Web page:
In November, a cat with a severely disfigured face, apparently due to burns from a fire, was discovered and rescued in Wando County, where another cat with burn marks on the ear and the back was discovered six months prior.

One of the more extreme cases was that of the so-called animal Nth room — nicknamed after the horrendous case of cybersex trafficking via the messaging app Telegram between 2018 and 2020 — in which videos of mutilating cats and other wild animals were shared in an anonymous group chat room dubbed “gore expert room” on the messaging app Kakao Talk presumably from late 2020 until April of last year.

This undated file photo shows a homeless cat wandering in a back alley. (Yonhap)

This undated file photo shows a homeless cat wandering in a back alley. (Yonhap)

While the reported cases may be isolated incidents in and of themselves, animal protection experts are concerned by the increase in frequency and the level of violence inflicted on the feline creatures as a whole.

They also believe that many perpetrators are also seeking thoughtless, guilt-free satisfaction by showing off their actions online and stirring up a sense of horror among the cat caregiver community.

An alleged perpetrator has recently gone as far as actually threatening a caregiver of a stray cat with murder.

According to KARA, the person has sent several letters to a cat mom since August of last year, threatening to kill her with a weapon. KARA filed a criminal complaint on behalf of the woman with police Monday.

“Members of such online groups refuse to use the word ‘cat’ but instead refer to the creatures as ‘fur cockroaches.’ They have created among themselves a clannish culture of inflicting cruelty towards cats and competing in constant one-upmanship in terms of displaying cruelty,” Choi Min-kyung, deputy head of policy at KARA, said.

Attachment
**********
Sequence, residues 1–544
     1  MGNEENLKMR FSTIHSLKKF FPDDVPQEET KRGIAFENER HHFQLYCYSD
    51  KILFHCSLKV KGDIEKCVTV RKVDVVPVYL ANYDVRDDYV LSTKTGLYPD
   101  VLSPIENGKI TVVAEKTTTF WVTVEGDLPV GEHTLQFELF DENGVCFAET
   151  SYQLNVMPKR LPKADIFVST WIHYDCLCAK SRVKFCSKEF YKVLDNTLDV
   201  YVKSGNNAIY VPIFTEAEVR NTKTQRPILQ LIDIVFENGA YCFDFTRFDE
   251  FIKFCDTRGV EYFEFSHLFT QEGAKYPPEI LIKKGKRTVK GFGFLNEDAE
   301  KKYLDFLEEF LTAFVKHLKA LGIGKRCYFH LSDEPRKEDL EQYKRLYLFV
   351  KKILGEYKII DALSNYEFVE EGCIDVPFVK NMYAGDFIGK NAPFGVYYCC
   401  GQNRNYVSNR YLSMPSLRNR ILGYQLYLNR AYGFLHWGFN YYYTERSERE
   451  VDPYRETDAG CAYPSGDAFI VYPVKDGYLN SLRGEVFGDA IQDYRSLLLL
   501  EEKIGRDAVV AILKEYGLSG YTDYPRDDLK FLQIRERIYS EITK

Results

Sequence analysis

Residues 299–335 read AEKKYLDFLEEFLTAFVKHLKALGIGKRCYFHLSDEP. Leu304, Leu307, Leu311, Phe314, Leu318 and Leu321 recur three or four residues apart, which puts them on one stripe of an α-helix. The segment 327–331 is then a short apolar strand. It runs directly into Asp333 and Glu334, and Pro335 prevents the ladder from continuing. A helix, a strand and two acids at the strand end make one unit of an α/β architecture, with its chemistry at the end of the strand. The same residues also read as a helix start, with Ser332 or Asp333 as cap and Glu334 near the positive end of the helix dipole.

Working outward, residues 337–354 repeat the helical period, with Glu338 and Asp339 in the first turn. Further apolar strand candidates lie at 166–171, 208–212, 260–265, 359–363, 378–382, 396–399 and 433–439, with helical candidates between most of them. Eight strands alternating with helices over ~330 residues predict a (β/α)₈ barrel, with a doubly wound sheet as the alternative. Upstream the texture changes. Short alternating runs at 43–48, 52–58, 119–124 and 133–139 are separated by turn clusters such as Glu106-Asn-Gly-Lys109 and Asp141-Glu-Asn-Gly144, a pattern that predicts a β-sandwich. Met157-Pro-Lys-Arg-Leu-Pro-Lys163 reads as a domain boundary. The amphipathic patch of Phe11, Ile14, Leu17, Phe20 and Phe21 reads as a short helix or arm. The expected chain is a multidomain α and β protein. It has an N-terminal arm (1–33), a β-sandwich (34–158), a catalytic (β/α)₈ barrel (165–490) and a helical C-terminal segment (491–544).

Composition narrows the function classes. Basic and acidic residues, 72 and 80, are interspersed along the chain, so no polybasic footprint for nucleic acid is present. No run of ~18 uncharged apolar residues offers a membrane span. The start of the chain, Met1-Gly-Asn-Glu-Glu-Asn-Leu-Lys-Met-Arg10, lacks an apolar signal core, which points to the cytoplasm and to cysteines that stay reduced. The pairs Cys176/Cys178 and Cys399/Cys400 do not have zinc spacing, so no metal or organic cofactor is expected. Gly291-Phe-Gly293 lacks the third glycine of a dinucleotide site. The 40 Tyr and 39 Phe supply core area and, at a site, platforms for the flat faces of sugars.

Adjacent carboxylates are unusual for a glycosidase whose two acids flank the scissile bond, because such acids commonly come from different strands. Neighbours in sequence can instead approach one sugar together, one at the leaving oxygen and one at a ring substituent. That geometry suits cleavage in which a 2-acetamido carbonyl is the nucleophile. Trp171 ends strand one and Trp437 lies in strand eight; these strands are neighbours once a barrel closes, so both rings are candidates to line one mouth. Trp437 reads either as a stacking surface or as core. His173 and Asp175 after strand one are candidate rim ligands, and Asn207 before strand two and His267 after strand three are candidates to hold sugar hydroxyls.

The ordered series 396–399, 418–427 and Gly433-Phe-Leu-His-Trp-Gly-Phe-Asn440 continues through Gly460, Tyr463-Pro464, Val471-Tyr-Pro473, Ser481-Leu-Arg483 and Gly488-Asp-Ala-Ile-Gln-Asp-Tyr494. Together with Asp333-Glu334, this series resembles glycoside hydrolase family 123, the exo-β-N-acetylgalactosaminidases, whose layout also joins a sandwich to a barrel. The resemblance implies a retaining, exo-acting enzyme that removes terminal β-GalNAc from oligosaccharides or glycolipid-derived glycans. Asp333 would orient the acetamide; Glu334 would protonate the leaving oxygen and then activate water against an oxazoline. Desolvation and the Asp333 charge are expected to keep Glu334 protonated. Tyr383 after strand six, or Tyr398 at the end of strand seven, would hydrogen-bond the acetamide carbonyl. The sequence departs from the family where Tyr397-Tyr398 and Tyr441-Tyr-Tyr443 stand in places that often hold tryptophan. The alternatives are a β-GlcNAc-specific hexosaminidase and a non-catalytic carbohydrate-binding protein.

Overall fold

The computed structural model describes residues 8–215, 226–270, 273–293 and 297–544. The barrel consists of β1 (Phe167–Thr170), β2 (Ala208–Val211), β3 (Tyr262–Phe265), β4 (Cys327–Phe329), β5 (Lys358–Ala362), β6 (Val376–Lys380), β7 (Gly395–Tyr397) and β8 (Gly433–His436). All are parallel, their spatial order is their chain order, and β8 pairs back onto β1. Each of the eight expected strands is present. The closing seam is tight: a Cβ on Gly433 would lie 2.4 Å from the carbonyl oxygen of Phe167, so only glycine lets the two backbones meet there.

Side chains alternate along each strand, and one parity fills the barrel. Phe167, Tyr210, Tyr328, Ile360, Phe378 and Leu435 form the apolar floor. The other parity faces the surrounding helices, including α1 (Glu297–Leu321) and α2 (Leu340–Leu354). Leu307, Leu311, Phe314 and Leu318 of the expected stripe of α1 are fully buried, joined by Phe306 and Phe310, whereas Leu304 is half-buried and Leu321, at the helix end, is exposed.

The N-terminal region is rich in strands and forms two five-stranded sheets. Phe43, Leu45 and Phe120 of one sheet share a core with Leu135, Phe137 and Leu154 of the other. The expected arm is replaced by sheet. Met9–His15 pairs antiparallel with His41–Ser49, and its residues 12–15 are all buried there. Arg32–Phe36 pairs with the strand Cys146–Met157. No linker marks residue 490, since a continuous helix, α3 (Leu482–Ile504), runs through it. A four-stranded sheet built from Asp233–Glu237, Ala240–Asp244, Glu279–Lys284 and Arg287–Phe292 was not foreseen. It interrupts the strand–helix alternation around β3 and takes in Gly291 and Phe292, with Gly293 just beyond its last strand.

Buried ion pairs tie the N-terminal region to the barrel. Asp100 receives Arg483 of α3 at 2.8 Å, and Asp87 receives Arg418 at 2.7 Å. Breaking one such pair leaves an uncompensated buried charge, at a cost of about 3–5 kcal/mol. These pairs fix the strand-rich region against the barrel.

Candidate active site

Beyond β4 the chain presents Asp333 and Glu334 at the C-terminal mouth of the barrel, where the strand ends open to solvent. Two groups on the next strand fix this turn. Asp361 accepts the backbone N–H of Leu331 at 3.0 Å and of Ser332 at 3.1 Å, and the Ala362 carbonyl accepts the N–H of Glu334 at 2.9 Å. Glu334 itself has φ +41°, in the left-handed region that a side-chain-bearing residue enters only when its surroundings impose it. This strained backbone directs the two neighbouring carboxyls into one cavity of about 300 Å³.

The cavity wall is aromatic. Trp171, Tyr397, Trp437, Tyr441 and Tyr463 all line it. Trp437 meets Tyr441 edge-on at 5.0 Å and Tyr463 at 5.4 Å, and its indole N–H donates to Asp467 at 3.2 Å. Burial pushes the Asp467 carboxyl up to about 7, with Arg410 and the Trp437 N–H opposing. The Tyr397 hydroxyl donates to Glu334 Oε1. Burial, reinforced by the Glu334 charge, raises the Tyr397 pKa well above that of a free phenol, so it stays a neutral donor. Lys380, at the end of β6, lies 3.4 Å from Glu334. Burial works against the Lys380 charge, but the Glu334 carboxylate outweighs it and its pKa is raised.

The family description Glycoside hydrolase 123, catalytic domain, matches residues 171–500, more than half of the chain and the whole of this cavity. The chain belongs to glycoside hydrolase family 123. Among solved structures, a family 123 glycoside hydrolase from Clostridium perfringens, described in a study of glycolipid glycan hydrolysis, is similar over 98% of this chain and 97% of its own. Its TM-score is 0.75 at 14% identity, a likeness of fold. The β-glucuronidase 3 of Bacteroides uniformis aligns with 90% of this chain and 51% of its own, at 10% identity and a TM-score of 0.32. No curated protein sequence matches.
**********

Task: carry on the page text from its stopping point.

While noting the lack of empirical evidence to suggest a link between the two trends, Kang said she, among others, also senses an underlying element of anti-feminism in the series of cat-related abuses, as the broader cat mom community are often associated with women.

Such interpretations can also be easily found in social media.

Ok Soo-chul, who has operated a YouTube channel themed around rescuing abandoned cats since 2019, agreed that he has seen an alarming growth of such gruesome cases in recent years, especially among young males.

Ok said he was especially concerned that an increase in exposure to such cruelty could desensitize people, harm their sense of morality and lead to more serious crimes.

“Older people who disliked stray cats hated them for reasons such as pooping near their homes or ruining their farm crops. Cruelty cases shared online nowadays definitely have an element of showing off, such as bragging about your new weapon in a virtual game world,” Ok said.

Under current animal protection laws, those who kill or abuse animals can face up to a maximum three-year prison sentence or a fine of up to 30 million won (US$25,000).